Apprenticeships lead to higher pay, but only for men

Canadian women who complete an apprenticeship can expect to earn less than women with high school or college degrees or women in trades, according to a working paper on apprenticeships based on the 2006 census.

Young Canadian women who apprenticed had lower incomes than high school and college grads

Canadian men who complete apprenticeship training get paid more than high school graduates, men in other trades and some college grads. (Canadian Press)

Canadian men who complete an apprenticeship can expect to earn more than men who have only a high school education, more than men with trade qualifications and even more than many college graduates, according to a working paper on apprenticeships based on the 2006 census.

But the story is much different for women, with females who complete apprenticeships earning less than women with high school or college degrees or women in trades, according to the report Returns to Apprenticeship.

The study by University of Toronto researchers Morley Gunderson and Harry Krashinsky found male apprentices, who tend to be in the construction and mechanical trades, earned 24 per cent more than men who had a high school degree.

They brought home 15 per cent more money than those in the trades who were not apprenticed and two per cent more than college graduates.  University graduates continued to outstrip those with apprenticeships, with incomes 40 per cent higher than high school graduates, though that number may be changing as the opportunities for university graduates diminish.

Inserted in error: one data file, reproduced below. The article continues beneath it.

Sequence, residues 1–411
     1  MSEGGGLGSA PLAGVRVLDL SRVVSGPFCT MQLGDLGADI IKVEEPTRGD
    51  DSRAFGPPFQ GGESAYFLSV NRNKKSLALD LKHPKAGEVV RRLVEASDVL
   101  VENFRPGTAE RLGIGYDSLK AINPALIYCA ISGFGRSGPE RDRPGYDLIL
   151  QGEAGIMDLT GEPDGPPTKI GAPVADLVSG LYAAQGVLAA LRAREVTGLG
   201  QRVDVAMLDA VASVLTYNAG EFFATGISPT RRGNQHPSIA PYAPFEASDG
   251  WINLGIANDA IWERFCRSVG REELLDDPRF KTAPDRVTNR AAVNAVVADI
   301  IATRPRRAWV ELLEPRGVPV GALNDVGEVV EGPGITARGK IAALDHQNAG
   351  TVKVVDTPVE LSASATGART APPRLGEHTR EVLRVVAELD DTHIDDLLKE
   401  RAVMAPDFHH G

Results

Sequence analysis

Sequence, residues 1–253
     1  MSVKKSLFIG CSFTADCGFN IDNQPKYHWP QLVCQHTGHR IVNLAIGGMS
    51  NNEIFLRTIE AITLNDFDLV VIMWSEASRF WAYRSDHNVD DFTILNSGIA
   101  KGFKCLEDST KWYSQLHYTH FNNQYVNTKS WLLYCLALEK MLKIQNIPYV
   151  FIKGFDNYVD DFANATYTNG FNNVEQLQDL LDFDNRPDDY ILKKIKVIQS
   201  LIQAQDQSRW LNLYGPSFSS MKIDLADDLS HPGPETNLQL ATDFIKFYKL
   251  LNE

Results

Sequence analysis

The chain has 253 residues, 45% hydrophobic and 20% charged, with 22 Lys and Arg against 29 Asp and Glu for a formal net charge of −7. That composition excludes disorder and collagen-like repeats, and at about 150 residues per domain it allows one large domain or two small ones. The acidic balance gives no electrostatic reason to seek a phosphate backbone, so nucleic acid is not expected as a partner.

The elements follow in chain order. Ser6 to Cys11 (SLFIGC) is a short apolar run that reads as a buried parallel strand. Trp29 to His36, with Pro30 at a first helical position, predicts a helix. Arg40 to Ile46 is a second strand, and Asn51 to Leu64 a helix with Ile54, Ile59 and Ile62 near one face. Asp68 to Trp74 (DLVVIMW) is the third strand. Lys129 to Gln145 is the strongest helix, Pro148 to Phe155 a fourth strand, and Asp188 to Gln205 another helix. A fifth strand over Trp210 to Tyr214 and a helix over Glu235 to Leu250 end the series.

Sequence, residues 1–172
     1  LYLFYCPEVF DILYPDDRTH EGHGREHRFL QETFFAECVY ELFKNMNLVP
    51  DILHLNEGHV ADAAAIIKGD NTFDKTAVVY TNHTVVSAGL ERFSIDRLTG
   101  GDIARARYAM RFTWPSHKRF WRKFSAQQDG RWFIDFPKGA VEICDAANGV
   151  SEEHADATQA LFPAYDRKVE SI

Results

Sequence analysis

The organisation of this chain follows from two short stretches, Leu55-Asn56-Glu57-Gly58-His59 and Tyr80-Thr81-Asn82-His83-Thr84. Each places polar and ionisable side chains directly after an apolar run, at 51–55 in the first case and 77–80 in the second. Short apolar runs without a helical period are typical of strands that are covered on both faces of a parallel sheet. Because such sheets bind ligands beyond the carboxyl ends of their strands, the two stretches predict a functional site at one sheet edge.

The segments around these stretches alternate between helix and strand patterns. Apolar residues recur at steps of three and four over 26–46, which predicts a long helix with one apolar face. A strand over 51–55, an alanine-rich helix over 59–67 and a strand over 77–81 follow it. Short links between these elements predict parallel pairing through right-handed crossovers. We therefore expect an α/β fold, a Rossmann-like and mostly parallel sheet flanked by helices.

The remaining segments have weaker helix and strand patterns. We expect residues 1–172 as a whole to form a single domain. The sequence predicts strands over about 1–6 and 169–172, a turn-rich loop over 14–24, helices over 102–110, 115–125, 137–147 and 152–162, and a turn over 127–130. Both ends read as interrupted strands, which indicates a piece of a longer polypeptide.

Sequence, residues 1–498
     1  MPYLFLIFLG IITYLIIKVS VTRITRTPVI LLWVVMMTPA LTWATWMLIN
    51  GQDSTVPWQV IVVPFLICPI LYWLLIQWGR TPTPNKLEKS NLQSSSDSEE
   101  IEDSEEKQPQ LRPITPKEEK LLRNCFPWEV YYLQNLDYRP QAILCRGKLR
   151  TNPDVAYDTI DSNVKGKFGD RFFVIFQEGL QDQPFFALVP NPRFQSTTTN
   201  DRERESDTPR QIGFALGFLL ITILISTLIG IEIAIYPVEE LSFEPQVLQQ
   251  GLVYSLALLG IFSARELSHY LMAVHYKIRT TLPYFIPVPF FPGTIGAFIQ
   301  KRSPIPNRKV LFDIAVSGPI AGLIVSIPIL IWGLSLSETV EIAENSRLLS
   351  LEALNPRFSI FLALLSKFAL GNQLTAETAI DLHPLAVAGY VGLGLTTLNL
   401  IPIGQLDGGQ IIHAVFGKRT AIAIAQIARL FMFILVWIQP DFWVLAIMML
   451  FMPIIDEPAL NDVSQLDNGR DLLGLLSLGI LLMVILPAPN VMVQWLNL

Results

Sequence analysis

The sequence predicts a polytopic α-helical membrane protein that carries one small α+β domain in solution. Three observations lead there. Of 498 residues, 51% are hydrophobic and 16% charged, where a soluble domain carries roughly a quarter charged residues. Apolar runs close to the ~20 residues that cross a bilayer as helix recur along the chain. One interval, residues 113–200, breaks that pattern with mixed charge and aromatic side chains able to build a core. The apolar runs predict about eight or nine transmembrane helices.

The results emphasize the value of apprenticeships, which many provinces are promoting as an alternative to college or university.  With construction booming, businesses are reporting skilled trades shortages.

Unemployment among young people in Canada is now above 14 per cent.

Still, only a small percentage of the Canadian workforce has completed an apprenticeship — about 7.7 per cent of men and 1.6 per cent of women. The system of fostering apprentices is more common in Europe, but the study questioned why so few young men take on apprenticeships when the benefit appears to be so clear.

Canadian women were better off just completing high school, the study found. For women taking "an apprenticeship yields lower returns than simply completing high school and substantially lower returns than completing community college, likely reflecting the fact that female apprenticeships tend to be in low-wage jobs in industries like food and service," the study found.

The areas where women apprenticed were professions such as hairdressing and chef’s assistant. Those who completed apprenticeships earned 25 per cent less than women who completed college and 6.6 per cent less than high school graduates, the study found.

Women apprentices did tend to earn more than their counterparts with no high school diploma.

Gunderson said women should be encouraged to enter the higher-earning apprenticeship trades, but steps may be needed to end gender bias in these areas.

The authors say it is difficult to compare the numbers to past census statistics as 2006 is the first year that a question about apprenticeships was included. They drew their conclusions from a sample size of 2.2 million Canadians.